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"The Truman Show" is a profoundly..."The Truman Show" is a profoundly disturbing movie. On the surface, it deals with the worn out issue of the intermingling of life and the media. Examples for such incestuous relationships abound: Ronald Reagan, the cinematic president was also a presidential movie star. In another movie "The Philadelphia Experiment" a defrosted Rip Van Winkle exclaims upon seeing Reagan on television 40 years after his forced hibernation started: "I know this guy, he used to play Cowboys in the movies". Candid cameras monitor the lives of webmasters website owners almost 24 hours a day. The resulting images are continuously posted on the Web and are available to anyone with a computer. The last decade witnessed a spate of films, all concerned with the confusion between life and the imitations of life, the media. The ingenious "Capitan Fracasse", "Capricorn One", "Sliver", "Wag the Dog" and many lesser films have all tried to tackle this unfortunate state of things and its moral and practical implications. The blurring line between life and its representation in the arts is arguably the main theme of "The Truman Show". The hero, Truman, lives in an artificial world, constructed especially for him. He was born and raised there. He knows no other place. The people around him "“ unbeknownst to him "“ are all actors. His life is monitored by 5000 cameras and broadcast live to the world, 24 hours a day, every day. He is spontaneous and funny because he is unaware of the monstrosity of which he is the main cogwheel. But Peter Weir, the movie's director, takes this issue one step further by perpetrating a massive act of immorality on screen. Truman is lied to, cheated, deprived of his ability to make choices, controlled and manipulated by sinister, half-mad Shylocks. As I said, he is unwittingly the only spontaneous, non-scripted, "actor" in the on-going soaper of his own life. All the other figures in his life, including his parents, are actors. Hundreds of millions of viewers and voyeurs plug in to take a peep, to intrude upon what Truman innocently and honestly believes to be his privacy. They are shown responding to various dramatic or anti-climactic events in Truman's life. That we are the moral equivalent of these viewers-voyeurs, accomplices to the same crimes, comes as a shocking realization to us. We are live viewers and they are celluloid viewers. We both enjoy Truman's inadvertent, non-consenting, exhibitionism. We know the truth about Truman and so do they. Of course, we are in a privileged moral position because we know it is a movie and they know it is a piece of raw life that they are watching. But moviegoers throughout Hollywood's history have willingly and insatiably participated in numerous "Truman Shows". The lives real or concocted of the studio stars were brutally exploited and incorporated in their films. Jean Harlow, Barbara Stanwyck, James Cagney all were forced to spill their guts in cathartic acts of on camera repentance and not so symbolic humiliation. "Truman Shows" is the more common phenomenon in the movie industry. Then there is the question of the director of the movie as God and of God as the director of a movie. The members of his team "“ technical and non-technical alike "“ obey Christoff, the director, almost blindly. They suspend their better moral judgement and succumb to his whims and to the brutal and vulgar aspects of his pervasive dishonesty and sadism. The torturer loves his victims. They define him and infuse his life with meaning. Caught in a narrative, the movie says, people act immorally. INfamous psychological experiments support this assertion. Students were led to administer what they thought were "deadly" electric shocks to their colleagues or to treat them bestially in simulated prisons. They obeyed orders. So did all the hideous genocidal criminals in history. The Director Weir asks: should God be allowed to be immoral or should he be bound by morality and ethics? Should his decisions and actions be constrained by an over-riding code of right and wrong? Should we obey his commandments blindly or should we exercise judgement? If we do exercise judgement are we then being immoral because God and the Director Christoff know more about the world, about us, the viewers and about Truman, know better, are omnipotent? Is the exercise of judgement the usurpation of divine powers and attributes? Isn't this act of rebelliousness bound to lead us down the path of apocalypse? It all boils down to the question of free choice and free will versus the benevolent determinism imposed by an omniscient and omnipotent being. What is better: to have the choice and be damned almost inevitably, as in the biblical narrative of the Garden of Eden "“ or to succumb to the superior wisdom of a supreme being? A choice always involves a dilemma. It is the conflict between two equivalent states, two weighty decisions whose outcomes are equally desirable and two identically-preferable courses of action. Where there is no such equivalence "“ there is no choice, merely the pre-ordained given full knowledge exercise of a preference or inclination. Bees do not choose to make honey. A fan of football does not choose to watch a football game. He is motivated by a clear inequity between the choices that he faces. He can read a book or go to the game. His decision is clear and pre-determined by his predilection and by the inevitable and invariable implementation of the principle of pleasure. There is no choice here. It is all rather automatic. But compare this to the choice some victims had to make between two of their children in the face of Nazi brutality. Which child to sentence to death "“ which one to sentence to life? Now, this is a real choice. It involves conflicting emotions of equal strength. One must not confuse decisions, opportunities and choice. Decisions are the mere selection of courses of action. This selection can be the result of a choice or the result of a tendency conscious, unconscious, or biological-genetic. Opportunities are current states of the world, which allow for a decision to be made and to affect the future state of the world. Choices are our conscious experience of moral or other dilemmas. Christoff finds it strange that Truman "“ having discovered the truth "“ insists upon his right to make choices, i.e., upon his right to experience dilemmas. To the Director, dilemmas are painful, unnecessary, destructive, or at best disruptive. His utopian world "“ the one he constructed for Truman "“ is choice-free and dilemma-free. Truman is programmed not in the sense that his spontaneity is extinguished. Truman is wrong when, in one of the scenes, he keeps shouting: "Be careful, I am spontaneous". The Director and fat-cat capitalistic producers want him to be spontaneous, they want him to make decisions. But they do not want him to make choices. So they influence his preferences and predilections by providing him with an absolutely totalitarian, micro-controlled, repetitive environment. Such an environment reduces the set of possible decisions so that there is only one favourable or acceptable decision outcome at any junction. Truman does decide whether to walk down a certain path or not. But when he does decide to walk "“ only one path is available to him. His world is constrained and limited "“ not his actions. Actually, Truman's only choice in the movie leads to an arguably immoral decision. He abandons ship. He walks out on the whole project. He destroys an investment of billions of dollars, people's lives and careers. He turns his back on some of the actors who seem to really be emotionally attached to him. He ignores the good and pleasure that the show has brought to the lives of millions of people the viewers. He selfishly and vengefully goes away. He knows all this. By the time he makes his decision, he is fully informed. He knows that some people may commit suicide, go bankrupt, endure major depressive episodes, do drugs. But this massive landscape of resulting devastation does not deter him. He prefers his narrow, personal, interest. He walks. But Truman did not ask or choose to be put in his position. He found himself responsible for all these people without being consulted. There was no consent or act of choice involved. How can anyone be responsible for the well-being and lives of other people "“ if he did not CHOOSE to be so responsible? Moreover, Truman had the perfect moral right to think that these people wronged him. Are we morally responsible and accountable for the well-being and lives of those who wrong us? True Christians are, for instance. Moreover, most of us, most of the time, find ourselves in situations which we did not help mould by our decisions. We are unwillingly cast into the world. We do not provide prior consent to being born. This fundamental decision is made for us, forced upon us. This pattern persists throughout our childhood and adolescence: decisions are made elsewhere by others and influence our lives profoundly. As adults we are the objects "“ often the victims "“ of the decisions of corrupt politicians, mad scientists, megalomaniac media barons, gung-ho generals and demented artists. This world is not of our making and our ability to shape and influence it is very limited and rather illusory. We live in our own "Truman Show". Does this mean that we are not morally responsible for others? We are morally responsible even if we did not choose the circumstances and the parameters and characteristics of the universe that we inhabit. The Swedish Count Wallenberg imperilled his life and lost it smuggling hunted Jews out of Nazi occupied Europe. He did not choose, or helped to shape Nazi Europe. It was the brainchild of the deranged Director Hitler. Having found himself an unwilling participant in Hitler's horror show, Wallenberg did not turn his back and opted out. He remained within the bloody and horrific set and did his best. Truman should have done the same. Jesus said that he should have loved his enemies. He should have felt and acted with responsibility towards his fellow human beings, even towards those who wronged him greatly. But this may be an inhuman demand. Such forgiveness and magnanimity are the reserve of God. And the fact that Truman's tormentors did not see themselves as such and believed that they were acting in his best interests and that they were catering to his every need "“ does not absolve them from their crimes. Truman should have maintained a fine balance between his responsibility to the show, its creators and its viewers and his natural drive to get back at his tormentors. The source of the dilemma which led to his act of choosing is that the two groups overlap. Truman found himself in the impossible position of being the sole guarantor of the well-being and lives of his tormentors. To put the question in sharper relief: are we morally obliged to save the life and livelihood of someone who greatly wronged us? Or is vengeance justified in such a case? A very problematic figure in this respect is that of Truman's best and childhood friend. They grew up together, shared secrets, emotions and adventures. Yet he lies to Truman constantly and under the Director's instructions. Everything he says is part of a script. It is this disinformation that convinces us that he is not Truman's true friend. A real friend is expected, above all, to provide us with full and true information and, thereby, to enhance our ability to choose. Truman's true love in the Show tried to do it. She paid the price: she was ousted from the show. But she tried to provide Truman with a choice. It is not sufficient to say the right things and make the right moves. Inner drive and motivation are required and the willingness to take risks such as the risk of providing Truman with full information about his condition. All the actors who played Truman's parents, loving wife, friends and colleagues, miserably failed on this score. It is in this mimicry that the philosophical key to the whole movie rests. A Utopia cannot be faked. Captain Nemo's utopian underwater city was a real Utopia because everyone knew everything about it. People were given a choice though an irreversible and irrevocable one. They chose to become lifetime members of the reclusive Captain's colony and to abide by its overly rational rules. The Utopia came closest to extinction when a group of stray survivors of a maritime accident were imprisoned in it against their expressed will. In the absence of choice, no utopia can exist. In the absence of full, timely and accurate information, no choice can exist. Actually, the availability of choice is so crucial that even when it is prevented by nature itself "“ and not by the designs of more or less sinister or monomaniac people "“ there can be no Utopia. In H.G. Wells' book "The Time Machine", the hero wanders off to the third millennium only to come across a peaceful Utopia. Its members are immortal, don't have to work, or think in order to survive. Sophisticated machines take care of all their needs. No one forbids them to make choices. There simply is no need to make them. So the Utopia is fake and indeed ends badly. Finally, the "Truman Show" encapsulates the most virulent attack on capitalism in a long time. Greedy, thoughtless money machines in the form of billionaire tycoon-producers exploit Truman's life shamelessly and remorselessly in the ugliest display of human vices possible. The Director indulges in his control-mania. The producers indulge in their monetary obsession. The viewers on both sides of the silver screen indulge in voyeurism. The actors vie and compete in the compulsive activity of furthering their petty careers. It is a repulsive canvas of a disintegrating world. Perhaps Christoff is right after al when he warns Truman about the true nature of the world. But Truman chooses. He chooses the exit door leading to the outer darkness over the false sunlight in the Utopia that he leaves behind.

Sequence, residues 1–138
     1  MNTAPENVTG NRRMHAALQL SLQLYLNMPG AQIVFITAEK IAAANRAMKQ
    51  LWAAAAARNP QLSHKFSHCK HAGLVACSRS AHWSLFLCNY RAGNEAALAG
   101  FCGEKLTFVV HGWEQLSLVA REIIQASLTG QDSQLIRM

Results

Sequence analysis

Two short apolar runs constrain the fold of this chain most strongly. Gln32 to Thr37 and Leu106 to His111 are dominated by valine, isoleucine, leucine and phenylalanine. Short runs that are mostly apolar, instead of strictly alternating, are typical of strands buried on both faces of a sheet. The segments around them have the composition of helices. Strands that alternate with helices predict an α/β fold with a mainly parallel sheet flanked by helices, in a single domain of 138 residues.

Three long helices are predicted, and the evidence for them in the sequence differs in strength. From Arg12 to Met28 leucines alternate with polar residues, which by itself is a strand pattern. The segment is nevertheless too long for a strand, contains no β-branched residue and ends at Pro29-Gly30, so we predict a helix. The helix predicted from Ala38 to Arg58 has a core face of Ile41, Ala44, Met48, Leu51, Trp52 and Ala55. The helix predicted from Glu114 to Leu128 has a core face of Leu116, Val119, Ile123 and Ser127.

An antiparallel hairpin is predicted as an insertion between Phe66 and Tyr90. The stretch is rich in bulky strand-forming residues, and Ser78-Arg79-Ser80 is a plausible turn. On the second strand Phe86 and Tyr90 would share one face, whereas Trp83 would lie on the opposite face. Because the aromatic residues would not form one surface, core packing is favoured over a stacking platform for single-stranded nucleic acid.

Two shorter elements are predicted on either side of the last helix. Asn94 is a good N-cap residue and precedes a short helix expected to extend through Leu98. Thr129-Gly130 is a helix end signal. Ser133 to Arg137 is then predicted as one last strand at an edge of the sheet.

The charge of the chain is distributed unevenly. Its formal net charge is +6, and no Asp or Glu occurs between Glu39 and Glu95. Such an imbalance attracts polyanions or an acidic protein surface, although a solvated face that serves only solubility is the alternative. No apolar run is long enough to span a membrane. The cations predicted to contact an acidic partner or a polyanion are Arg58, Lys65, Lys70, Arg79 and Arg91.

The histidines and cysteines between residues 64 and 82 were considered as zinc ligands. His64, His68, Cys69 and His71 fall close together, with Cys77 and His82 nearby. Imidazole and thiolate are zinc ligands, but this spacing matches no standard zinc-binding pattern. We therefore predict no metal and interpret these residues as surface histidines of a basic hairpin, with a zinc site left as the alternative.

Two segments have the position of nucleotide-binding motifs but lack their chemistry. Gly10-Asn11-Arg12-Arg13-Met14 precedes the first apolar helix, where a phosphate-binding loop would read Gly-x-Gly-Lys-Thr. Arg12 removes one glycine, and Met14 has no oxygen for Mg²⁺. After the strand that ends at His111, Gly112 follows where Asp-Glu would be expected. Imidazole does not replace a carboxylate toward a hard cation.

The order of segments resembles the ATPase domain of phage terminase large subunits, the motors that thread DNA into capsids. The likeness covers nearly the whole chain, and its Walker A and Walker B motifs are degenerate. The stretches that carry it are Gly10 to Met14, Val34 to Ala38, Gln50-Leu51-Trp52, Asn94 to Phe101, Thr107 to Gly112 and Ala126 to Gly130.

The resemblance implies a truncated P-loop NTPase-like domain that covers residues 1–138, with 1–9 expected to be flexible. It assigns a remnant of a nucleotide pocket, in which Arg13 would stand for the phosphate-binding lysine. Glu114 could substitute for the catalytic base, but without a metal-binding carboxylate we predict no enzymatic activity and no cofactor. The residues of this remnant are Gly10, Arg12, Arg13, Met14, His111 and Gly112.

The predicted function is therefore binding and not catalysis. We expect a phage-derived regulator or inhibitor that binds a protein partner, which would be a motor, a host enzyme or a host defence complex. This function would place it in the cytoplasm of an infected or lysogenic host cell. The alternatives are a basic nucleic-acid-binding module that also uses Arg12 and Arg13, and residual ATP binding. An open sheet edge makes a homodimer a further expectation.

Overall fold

"The Truman Show" is a profoundly disturbing movie. On the surface, it deals with the worn out issue of the intermingling of life and the media. Examples for such incestuous relationships abound: Ronald Reagan, the cinematic president was also a presidential movie star. In another movie "The Philadelphia Experiment" a...